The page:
spence laschinger h.k., gilbert s., smith l.m. & leslie k. (2010) Journal of Nursing Management18, 4,13 Towards a comprehensive theory of nurse/patient empowerment: applying Kanter's empowerment theory to patient care Aim, The purpose of this theoretical paper is to propose an integrated model of nurse/patient empowerment that could be used as a guide for creating high-quality nursing practice work environments that ensure positive outcomes for both nurses and their patients. Background, There are few integrated theoretical approaches to nurse and patient empowerment in the literature, although nurse empowerment is assumed to positively affect patient outcomes. Evaluation, The constructs described in Kanter's (1993) work empowerment theory are conceptually consistent with the nursing care process and can be logically extended to nurses' interactions with their patients and the outcomes of nursing care. Key issues, We propose a model of nurse/patient empowerment derived from Kanter's theory that suggests that empowering working conditions increase feelings of psychological empowerment in nurses, resulting in greater use of patient empowerment strategies by nurses, and, ultimately, greater patient empowerment and better health outcomes. Conclusions, Empirical testing of the model is recommended prior to use of the model in clinical practice. Implications for Nursing Management, We argue that empowered nurses are more likely to empower their patients, which results in better patient and system outcomes. Strategies for managers to empower nurses and for nurses to empower patients are suggested. [source]


CENTRAL AUSTRALIAN NURSE MANAGEMENT MODEL (CAN MODEL): A STRATEGIC APPROACH TO THE RECRUITMENT AND RETENTION OF REMOTE-AREA NURSES

AUSTRALIAN JOURNAL OF RURAL HEALTH, Issue 1 2000
Melanie Van Haaren
This paper introduces a new strategic approach, the Central Australian Nurse Management Model (CAN Model), to manage remote area nursing services. Central Australia is home to approximately 45 000 people, of whom 30% are Aborigines with a health status that is markedly lower than the rest of the population. While the Federal, State and Territory governments have policies in place to address health inequities, improvement has been hindered by the difficulty in recruiting and retaining suitable nursing staff in remote areas. Implementation of the three key initiatives that comprise the CAN Model has succeeded in attracting, stabilising and skilling a remote area nursing workforce, fundamental to achieving better health outcomes in Aboriginal populations. [source]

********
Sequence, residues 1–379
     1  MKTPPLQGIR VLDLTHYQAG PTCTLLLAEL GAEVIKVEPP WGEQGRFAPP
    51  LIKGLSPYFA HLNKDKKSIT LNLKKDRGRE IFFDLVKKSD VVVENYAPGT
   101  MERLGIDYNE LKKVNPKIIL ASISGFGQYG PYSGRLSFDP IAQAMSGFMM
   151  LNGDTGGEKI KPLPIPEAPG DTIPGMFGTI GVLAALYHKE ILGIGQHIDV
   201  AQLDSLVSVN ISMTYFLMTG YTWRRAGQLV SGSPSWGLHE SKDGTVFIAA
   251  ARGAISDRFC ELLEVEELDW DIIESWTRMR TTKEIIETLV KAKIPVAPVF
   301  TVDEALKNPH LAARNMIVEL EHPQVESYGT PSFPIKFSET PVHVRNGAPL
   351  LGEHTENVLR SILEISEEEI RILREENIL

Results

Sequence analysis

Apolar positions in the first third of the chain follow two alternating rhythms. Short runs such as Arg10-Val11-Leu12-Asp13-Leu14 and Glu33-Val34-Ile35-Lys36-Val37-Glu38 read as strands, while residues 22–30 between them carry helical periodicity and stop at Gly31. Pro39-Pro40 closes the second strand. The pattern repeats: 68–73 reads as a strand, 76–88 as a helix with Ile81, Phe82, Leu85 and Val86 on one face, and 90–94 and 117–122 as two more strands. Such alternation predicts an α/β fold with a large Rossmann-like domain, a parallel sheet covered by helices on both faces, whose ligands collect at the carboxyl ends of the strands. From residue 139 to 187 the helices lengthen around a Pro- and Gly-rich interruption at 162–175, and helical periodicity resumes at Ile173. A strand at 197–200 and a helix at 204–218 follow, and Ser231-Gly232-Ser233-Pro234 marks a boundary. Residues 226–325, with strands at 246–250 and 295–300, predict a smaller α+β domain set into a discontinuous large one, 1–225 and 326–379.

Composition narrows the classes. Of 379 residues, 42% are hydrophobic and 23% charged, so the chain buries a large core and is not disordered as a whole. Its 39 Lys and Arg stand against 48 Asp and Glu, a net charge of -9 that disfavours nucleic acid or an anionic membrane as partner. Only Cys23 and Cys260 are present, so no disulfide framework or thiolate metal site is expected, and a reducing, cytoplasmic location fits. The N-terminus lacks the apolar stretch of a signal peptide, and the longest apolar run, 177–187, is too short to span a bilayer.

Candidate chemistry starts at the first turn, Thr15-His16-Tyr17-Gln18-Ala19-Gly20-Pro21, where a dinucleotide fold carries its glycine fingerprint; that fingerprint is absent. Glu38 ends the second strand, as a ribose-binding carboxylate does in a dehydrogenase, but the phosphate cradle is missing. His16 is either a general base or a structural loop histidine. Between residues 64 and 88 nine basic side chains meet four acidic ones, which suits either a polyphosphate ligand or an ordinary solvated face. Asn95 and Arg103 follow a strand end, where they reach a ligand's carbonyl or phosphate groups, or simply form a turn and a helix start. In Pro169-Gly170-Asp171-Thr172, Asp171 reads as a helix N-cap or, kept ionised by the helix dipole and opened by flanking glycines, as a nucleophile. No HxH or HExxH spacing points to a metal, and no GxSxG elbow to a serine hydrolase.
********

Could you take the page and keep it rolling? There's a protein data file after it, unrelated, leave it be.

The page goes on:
Cost-effectiveness analysis of immediate radical cystectomy versus intravesical Bacillus Calmette-Guerin therapy for high-risk, high-grade (T1G3) bladder cancer,

CANCER, Issue 23 2009
Girish S. Kulkarni MD
Abstract BACKGROUND: Although both radical cystectomy and intravesical immunotherapy are initial treatment options for high-risk, T1, grade 3 (T1G3) bladder cancer, controversy regarding the optimal strategy persists. Because bladder cancer is the most expensive malignancy to treat per patient, decisions regarding the optimal treatment strategy should consider costs. METHODS: A Markov Monte-Carlo cost-effectiveness model was created to simulate the outcomes of a cohort of patients with incident, high-risk, T1G3 bladder cancer. Treatment options included immediate cystectomy and conservative therapy with intravesical Bacillus Calmette-Guerin (BCG). The base case was a man aged 60 years. Parameter uncertainty was assessed with probabilistic sensitivity analyses. Scenario analyses were used to explore the 2 strategies among patients stratified by age and comorbidity. RESULTS: The quality-adjusted survival with immediate cystectomy and BCG therapy was 9.46 quality-adjusted life years (QALYs) and 9.39 QALYs, respectively. The corresponding mean per-patient discounted lifetime costs (in 2005 Canadian dollars) were $37,600 and $42,400, respectively. At a willingness-to-pay threshold of $50,000 per QALY, the probability that immediate cystectomy was cost-effective was 67%. Immediate cystectomy was the dominant (more effective and less expensive) therapy for patients aged <60 years, whereas BCG therapy was dominant for patients aged >75 years. With increasing comorbidity, BCG therapy was dominant at lower age thresholds. CONCLUSIONS: Compared with BCG therapy, immediate radical cystectomy for average patients with high-risk, T1G3 bladder cancer yielded better health outcomes and lower costs. Tailoring therapy based on patient age and comorbidity may increase survival while yielding significant cost-savings for the healthcare system. Cancer 2009. © 2009 American Cancer Society. [source]